Do Not Pay Off Your Mortgage Early
You heard right. This money and savings expert is arguing AGAINST paying down what is typically a family’s largest debt.
I know this may not be what you expected to hear from a personal finance veteran. This advice goes against everything we’ve been told our whole lives about debt. Our parents and mentors have told us over and over again that debt is bad and you should avoid it at all cost. While this statement is true it’s kind of a blanket statement.
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As we’ve gotten older and more educated we’ve learned terms like good debt and bad debt and the difference between them. Good debt is anything you need but can’t afford to pay for all at once up front, NEED being the key word. This includes a mortgage or student loans.
Home mortgage loans are considered good debt because they are currently “cheap money.” Over the last decade mortgage rates have been very low, historically speaking. My mother-in-law nearly fell out of her chair when I told her Mr. Patterson and I’s mortgage rate was less than five percent. When she and her husband bought their house in the early 90’s they were paying over nine percent for their mortgage.
If you have a low mortgage rate most likely your money would be better spent investing it rather than using it to pay off your mortgage early. Historically the S&P 500 has returned an annual average of 9.8 percent gain. I’m no math wizard but I know earning 9.8 percent on my money is better than five percent.
You might be saying 9.8 percent is unrealistic in this market. But even if you are earning seven or eight percent on your money that’s likely a higher amount than you are paying in interest on a home loan.
Not paying off your mortgage early also makes sense if property values are declining where you live. Don’t throw extra money at a depreciating asset. In most cases property values drop faster than you can pay down your mortgage so paying more towards it every month will not catch you up. While buying a home is an investment, it might not ultimately be worth what you paid for it. Instead take the extra bit of cash each month and put it into, tax deferred retirement accounts, bonds, dividend paying stocks, or invest it in an appreciating asset.
In addition, do not try to pay off your mortgage early if you are planning moving in the next few years. If your plans are to sell your current home and use the proceeds to make a sizeable down payment on a new, better place then don’t use your extra cash to pay down your current mortgage. While it may have worked for the Jefferson’s, it defeats the whole purpose behind paying off your mortgage early.
Don’t even think about putting extra cash towards your mortgage if you have credit card debt. Typically credit card companies charge 17-30 percent in interest charges on your debt, which is much more than you are paying in interest on your mortgage. Pay down the debt that charges the highest interest rates first and work your way down the list. Your mortgage will be one of the last things on the list.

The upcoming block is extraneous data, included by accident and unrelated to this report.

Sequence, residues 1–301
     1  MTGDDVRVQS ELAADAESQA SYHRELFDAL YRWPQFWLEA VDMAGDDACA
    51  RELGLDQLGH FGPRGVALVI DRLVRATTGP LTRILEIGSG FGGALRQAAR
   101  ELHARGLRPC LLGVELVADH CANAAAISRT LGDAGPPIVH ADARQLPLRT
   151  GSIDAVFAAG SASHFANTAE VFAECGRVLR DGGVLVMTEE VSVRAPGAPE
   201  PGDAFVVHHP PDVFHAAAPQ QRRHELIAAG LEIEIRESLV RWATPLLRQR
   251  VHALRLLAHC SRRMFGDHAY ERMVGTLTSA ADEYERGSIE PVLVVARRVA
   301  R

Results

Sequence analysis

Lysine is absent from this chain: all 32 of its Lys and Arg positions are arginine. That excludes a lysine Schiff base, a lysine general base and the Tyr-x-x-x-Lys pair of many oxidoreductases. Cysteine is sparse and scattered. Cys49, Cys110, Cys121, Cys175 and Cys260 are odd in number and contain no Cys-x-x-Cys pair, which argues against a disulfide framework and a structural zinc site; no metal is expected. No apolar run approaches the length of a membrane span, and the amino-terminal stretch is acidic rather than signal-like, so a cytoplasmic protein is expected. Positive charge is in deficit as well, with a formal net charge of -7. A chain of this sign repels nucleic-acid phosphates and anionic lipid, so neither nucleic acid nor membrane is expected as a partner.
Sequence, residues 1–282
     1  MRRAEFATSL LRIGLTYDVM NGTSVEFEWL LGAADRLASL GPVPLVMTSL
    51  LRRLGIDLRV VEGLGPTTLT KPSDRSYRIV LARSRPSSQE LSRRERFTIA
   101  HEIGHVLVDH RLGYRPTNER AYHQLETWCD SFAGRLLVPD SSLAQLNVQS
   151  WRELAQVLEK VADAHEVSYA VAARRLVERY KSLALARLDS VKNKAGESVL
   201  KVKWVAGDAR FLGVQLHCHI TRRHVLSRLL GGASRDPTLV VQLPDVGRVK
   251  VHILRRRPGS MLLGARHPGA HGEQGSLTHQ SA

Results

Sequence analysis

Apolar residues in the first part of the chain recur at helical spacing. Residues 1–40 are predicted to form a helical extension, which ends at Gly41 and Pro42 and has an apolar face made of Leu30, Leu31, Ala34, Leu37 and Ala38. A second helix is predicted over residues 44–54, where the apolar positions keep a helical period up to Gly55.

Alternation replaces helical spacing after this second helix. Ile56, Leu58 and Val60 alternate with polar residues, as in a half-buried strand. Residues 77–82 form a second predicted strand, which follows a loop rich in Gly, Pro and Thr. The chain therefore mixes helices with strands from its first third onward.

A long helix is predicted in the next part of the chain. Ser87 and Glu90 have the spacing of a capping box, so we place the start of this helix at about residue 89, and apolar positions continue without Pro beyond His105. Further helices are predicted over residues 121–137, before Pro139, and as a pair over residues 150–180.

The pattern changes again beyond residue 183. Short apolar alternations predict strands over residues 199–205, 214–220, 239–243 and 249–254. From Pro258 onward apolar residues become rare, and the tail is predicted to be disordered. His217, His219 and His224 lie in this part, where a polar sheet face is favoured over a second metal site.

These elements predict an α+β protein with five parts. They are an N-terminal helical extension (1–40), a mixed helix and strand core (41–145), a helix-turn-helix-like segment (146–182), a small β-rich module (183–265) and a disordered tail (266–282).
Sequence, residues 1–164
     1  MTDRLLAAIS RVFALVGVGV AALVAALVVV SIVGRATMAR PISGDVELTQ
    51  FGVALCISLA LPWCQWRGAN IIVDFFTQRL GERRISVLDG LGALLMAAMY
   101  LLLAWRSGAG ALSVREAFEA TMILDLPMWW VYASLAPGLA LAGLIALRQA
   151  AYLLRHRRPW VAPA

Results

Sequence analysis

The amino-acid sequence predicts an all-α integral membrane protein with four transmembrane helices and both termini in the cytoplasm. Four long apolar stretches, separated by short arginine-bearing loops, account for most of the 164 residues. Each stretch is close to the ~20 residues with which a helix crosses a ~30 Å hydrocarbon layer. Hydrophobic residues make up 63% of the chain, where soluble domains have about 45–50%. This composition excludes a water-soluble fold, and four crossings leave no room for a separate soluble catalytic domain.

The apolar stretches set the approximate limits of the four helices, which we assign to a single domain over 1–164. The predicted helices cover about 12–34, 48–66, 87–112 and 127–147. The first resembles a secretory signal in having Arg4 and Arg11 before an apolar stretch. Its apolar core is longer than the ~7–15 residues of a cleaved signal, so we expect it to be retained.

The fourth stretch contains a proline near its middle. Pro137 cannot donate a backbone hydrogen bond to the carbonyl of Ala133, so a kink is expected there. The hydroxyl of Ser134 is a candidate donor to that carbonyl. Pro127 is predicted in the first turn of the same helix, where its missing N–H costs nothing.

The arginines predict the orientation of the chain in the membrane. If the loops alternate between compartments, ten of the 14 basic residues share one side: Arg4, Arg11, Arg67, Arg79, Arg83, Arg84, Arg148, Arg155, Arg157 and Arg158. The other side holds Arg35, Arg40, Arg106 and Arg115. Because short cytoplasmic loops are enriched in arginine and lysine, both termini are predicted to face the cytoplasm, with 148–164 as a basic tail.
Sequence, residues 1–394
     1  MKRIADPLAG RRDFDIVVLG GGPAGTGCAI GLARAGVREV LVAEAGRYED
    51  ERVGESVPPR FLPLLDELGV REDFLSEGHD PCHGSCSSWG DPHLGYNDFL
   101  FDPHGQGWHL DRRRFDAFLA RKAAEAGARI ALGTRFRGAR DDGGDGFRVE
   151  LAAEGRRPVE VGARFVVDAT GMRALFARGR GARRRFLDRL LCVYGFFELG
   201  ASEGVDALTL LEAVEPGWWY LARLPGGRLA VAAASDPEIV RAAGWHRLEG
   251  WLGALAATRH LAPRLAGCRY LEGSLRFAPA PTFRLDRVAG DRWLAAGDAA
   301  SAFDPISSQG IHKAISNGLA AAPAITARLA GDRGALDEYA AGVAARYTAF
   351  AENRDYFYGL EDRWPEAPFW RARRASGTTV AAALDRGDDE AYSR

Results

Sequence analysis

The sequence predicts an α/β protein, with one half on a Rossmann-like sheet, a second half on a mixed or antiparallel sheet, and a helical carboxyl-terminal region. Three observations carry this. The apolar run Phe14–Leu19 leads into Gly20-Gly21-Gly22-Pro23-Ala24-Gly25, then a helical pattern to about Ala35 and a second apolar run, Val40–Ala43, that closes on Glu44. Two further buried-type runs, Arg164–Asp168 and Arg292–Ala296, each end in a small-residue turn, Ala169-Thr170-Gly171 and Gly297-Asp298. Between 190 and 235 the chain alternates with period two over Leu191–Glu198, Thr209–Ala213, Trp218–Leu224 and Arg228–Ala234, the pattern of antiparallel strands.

Also if you do not have an emergency fund or health insurance put your extra cash towards both of those two things before your mortgage. You need enough money to cover six months to a years’ worth of living expenses in the bank. As for health insurance I bring this up because fifty percent of all bankruptcies involve medical bills.
I’ve named a number of scenarios in which I advise against paying off your mortgage early but there are a few times in which I would be in favor of it.
One instance is if your current mortgage involves private mortgage insurance (PMI). Homeowners must pay PMI when they put down less than twenty percent. They continue to pay the PMI until their loan reaches that critical eighty percent balance. Once your mortgage is equal to or less than eighty percent of the home’s value you no longer have to pay private mortgage insurance effectively saving yourself hundreds of dollars a month.
If your desire is to refinance your loan soon then certainly paying down your mortgage as much as you can will benefit you. The more of your home loan that you’ve paid off, the less of a risk you are in the eyes of a bank. If you still owe eighty percent of your home’s value, the bank might see you as a higher risk client than someone who only owes twenty percent, thus reducing the rate you’ll qualify for.
I am also for paying off your mortgage early if you are quickly approaching retirement. Many people choose not to pay off their mortgage early because of the tax advantages they get. By the time you reach the age in which you can retire the tax benefits of a mortgage are typically minimized. Plus, making mortgage payments in retirement often means having to take out more money from your tax-deferred retirement accounts, which can increase your tax rate.
As you can see there is no one size fits all answer to the age old question of whether or not to pay off your mortgage early. For the most part though, there are more instances in which investing and growing your money would be more financially beneficial to your family than paying down a low interest debt. If you have questions like this please send them to me at firstname.lastname@example.org. Who knows I might pick your question one week and answer it in an article!
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